The following are examples of authorized_key file entries.
1024 33 12121...312314325 ylo [AT] foo.bar
from="*.niksula.hut.fi,!pc.niksula.hut.fi" 1024 35 23...2334 ylo@niksula
/home",no-pty,no-port-forwarding 1024 33 23...2323
Example 2: ssh_known_hosts File Entries
The following are examples of ssh_known_hosts file entries.
1024 37 159...93
The following exit values are returned:
An error occurred.
Contains configuration data for sshd. This file should be writable by root only, but it is recommended (though not necessary) that it be world-readable.
Contains the private part of the host key. This file should only be owned by root, readable only by root, and not accessible to others. Note that sshd does not start if this file is group/world-accessible.
Contains the public part of the host key. This file should be world-readable but writable only by root. Its contents should match the private part. This file is not used for encryption; it is provided only for the convenience of the user so its contents can be copied to known hosts files. These two files are created using ssh-keygen(1).
Contains the process ID of the sshd listening for connections. If there are several daemons running concurrently for different ports, this contains the pid of the one started last. The content of this file is not sensitive; it can be world-readable.
/etc/ssh/ssh_known_hosts and $HOME/.ssh/known_hosts
These files are consulted when using rhosts with RSA host authentication to check the public key of the host. The key must be listed in one of these files to be accepted. The client uses the same files to verify that the remote host is the one it intended to connect. These files should be writable only by root or the owner. /etc/ssh/ssh_known_hosts should be world-readable, and $HOME/.ssh/known_hosts can but need not be world-readable.
If this file exists, sshd refuses to let anyone except root log in. The contents of the file are displayed to anyone trying to log in, and non-root connections are refused. The file should be world-readable.
This file contains host-username pairs, separated by a space, one per line. The given user on the corresponding host is permitted to log in without password. The same file is used by rlogind and rshd. The file must be writable only by the user; it is recommended that it not be accessible by others. It is also possible to use netgroups in the file. Either host or user name may be of the form +@groupname to specify all hosts or all users in the group.
For ssh, this file is exactly the same as for .rhosts. However, this file is not used by rlogin and rshd, so using this permits access using SSH only.
This file is used during .rhosts authentication. In its simplest form, this file contains host names, one per line. Users on these hosts are permitted to log in without a password, provided they have the same user name on both machines. The host name can also be followed by a user name; such users are permitted to log in as any user on this machine (except root). Additionally, the syntax +@group can be used to specify netgroups. Negated entries start with a hyphen (-).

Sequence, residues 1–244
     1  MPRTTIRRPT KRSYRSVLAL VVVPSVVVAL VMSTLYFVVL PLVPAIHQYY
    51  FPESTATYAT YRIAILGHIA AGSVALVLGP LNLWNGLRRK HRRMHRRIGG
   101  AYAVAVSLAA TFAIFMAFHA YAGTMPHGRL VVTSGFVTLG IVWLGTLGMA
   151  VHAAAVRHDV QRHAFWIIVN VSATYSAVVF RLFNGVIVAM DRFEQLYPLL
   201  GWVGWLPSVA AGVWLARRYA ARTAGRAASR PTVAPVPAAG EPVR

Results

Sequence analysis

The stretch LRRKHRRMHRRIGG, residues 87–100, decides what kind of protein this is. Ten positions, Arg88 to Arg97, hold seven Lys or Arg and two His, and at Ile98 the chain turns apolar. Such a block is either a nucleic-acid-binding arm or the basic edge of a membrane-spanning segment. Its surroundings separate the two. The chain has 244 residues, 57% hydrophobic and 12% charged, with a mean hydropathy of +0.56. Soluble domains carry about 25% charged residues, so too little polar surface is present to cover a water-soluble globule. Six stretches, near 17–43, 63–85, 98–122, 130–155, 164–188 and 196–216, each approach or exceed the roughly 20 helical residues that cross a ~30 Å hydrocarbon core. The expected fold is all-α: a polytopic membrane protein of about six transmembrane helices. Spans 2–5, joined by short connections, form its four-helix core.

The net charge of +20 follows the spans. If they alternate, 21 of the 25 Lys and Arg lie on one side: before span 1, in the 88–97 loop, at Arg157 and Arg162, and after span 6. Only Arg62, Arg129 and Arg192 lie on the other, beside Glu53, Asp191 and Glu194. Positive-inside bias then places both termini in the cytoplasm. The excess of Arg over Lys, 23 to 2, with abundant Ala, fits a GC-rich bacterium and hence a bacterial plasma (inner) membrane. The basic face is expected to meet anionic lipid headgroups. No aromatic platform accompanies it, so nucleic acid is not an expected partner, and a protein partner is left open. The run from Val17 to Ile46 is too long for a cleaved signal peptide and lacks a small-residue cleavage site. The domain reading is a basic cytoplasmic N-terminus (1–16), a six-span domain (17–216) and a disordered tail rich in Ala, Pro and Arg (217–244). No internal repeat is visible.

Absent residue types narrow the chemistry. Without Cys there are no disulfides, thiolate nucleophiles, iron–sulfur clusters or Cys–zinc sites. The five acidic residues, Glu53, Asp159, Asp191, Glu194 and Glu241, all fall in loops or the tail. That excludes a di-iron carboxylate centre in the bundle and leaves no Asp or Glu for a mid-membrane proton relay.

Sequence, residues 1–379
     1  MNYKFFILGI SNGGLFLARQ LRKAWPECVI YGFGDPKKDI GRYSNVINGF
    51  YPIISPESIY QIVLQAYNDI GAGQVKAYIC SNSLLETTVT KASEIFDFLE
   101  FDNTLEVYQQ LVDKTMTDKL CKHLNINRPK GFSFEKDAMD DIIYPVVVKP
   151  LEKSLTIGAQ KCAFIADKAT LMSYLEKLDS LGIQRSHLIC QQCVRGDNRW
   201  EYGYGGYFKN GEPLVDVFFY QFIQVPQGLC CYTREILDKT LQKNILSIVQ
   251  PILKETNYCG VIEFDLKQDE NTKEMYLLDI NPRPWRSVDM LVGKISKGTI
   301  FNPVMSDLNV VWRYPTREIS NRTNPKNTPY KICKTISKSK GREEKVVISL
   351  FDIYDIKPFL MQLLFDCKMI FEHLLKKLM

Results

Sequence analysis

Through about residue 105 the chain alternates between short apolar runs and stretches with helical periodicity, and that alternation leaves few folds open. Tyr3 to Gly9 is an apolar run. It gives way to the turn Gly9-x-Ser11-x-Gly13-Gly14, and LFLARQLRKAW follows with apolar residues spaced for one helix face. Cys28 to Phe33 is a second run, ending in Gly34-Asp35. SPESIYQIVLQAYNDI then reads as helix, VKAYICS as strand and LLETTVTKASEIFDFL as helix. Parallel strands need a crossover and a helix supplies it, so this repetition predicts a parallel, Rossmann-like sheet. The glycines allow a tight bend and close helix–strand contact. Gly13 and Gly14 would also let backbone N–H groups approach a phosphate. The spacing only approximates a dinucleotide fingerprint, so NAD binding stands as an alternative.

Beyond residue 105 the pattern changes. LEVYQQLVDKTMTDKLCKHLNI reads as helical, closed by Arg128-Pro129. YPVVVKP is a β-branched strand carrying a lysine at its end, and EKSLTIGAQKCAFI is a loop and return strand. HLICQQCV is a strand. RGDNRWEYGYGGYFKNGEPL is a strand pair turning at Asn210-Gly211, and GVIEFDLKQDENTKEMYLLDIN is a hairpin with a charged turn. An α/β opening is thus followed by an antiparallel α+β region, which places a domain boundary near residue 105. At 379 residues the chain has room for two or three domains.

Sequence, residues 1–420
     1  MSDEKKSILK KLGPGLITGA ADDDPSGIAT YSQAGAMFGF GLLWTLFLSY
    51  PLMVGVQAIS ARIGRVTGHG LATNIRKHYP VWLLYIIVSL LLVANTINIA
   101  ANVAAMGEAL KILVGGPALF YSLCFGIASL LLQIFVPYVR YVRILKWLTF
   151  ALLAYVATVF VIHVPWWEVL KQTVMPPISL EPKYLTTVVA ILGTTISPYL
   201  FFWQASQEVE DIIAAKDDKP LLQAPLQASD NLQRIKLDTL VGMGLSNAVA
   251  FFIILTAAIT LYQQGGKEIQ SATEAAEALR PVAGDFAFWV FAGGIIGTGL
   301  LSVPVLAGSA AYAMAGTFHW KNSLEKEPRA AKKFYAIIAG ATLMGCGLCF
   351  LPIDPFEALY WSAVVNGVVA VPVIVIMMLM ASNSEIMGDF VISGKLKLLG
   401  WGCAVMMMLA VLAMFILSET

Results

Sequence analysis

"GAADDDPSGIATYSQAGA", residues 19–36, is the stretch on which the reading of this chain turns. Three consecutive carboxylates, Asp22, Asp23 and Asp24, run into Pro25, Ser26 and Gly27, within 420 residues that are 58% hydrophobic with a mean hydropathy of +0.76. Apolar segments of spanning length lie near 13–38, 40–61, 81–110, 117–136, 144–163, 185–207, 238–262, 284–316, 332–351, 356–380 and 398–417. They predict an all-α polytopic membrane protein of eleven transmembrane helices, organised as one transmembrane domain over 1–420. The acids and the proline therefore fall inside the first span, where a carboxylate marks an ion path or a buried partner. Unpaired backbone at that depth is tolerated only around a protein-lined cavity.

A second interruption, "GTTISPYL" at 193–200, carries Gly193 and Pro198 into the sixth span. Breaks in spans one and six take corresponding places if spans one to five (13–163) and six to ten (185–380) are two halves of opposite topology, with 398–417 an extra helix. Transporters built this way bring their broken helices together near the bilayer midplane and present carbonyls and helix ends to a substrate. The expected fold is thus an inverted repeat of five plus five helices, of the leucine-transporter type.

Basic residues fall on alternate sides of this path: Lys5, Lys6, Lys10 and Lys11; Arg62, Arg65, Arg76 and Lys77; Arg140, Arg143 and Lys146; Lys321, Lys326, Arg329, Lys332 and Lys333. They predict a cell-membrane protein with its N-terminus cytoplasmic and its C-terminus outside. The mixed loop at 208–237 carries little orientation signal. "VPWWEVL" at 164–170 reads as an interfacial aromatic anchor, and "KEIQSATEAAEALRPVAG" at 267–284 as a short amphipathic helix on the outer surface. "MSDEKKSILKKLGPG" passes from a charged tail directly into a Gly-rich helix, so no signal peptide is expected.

If the client host/user is successfully matched in this file, login is automatically permitted, provided the client and server user names are the same. Additionally, successful RSA host authentication is normally required. This file must be writable only by root; it is recommended that it be world-readable.
Warning: It is almost never a good idea to use user names in hosts.equiv. Beware that it really means that the named user(s) can log in as anybody, which includes bin, daemon, adm, and other accounts that own critical binaries and directories. For practical purposes, using a user name grants the user root access. Probably the only valid use for user names is in negative entries. Note that this warning also applies to rsh/rlogin.
This file is processed exactly as /etc/hosts.equiv. However, this file might be useful in environments that want to run both rsh/rlogin and ssh.
This file is read into the environment at login (if it exists). It can contain only empty lines, comment lines (that start with #), and assignment lines of the form name=value. The file should be writable only by the user; it need not be readable by anyone else.
If this file exists, it is run with /bin/sh after reading the environment files but before starting the user’s shell or command. If X11 spoofing is in use, this will receive the "proto cookie" pair in standard input (and DISPLAY in environment). This must call xauth(1) in that case.
The primary purpose of $HOME/.ssh/rc is to run any initialization routines that might be needed before the user’s home directory becomes accessible; AFS is a particular example of such an environment.
This file will probably contain some initialization code followed by something similar to:
if read proto
then echo add $DISPLAY $proto $cookie | xauth -q -;
If this file does not exist, /etc/ssh/sshrc is run, and if that does not exist, xauth is used to store the cookie. $HOME/.ssh/rc should be writable only by the user, and need not be readable by anyone else.
Similar to $HOME/.ssh/rc. This can be used to specify machine-specific login-time initializations globally. This file should be writable only by root, and should be world-readable.
See attributes(5) for descriptions of the following attributes:
To view license terms, attribution, and copyright for OpenSSH, the default path is /var/sadm/pkg/SUNWsshdr/install/copyright. If the Solaris operating environment has been installed anywhere other than the default, modify the given path to access the file at the installed location.
OpenSSH is a derivative of the original and free ssh 1.2.12 release by Tatu Ylonen. Aaron Campbell, Bob Beck, Markus Friedl, Niels Provos, Theo de Raadt and Dug Song removed many bugs, added newer features and created Open SSH. Markus Friedl contributed the support for SSH protocol versions 1.4 and 2.0.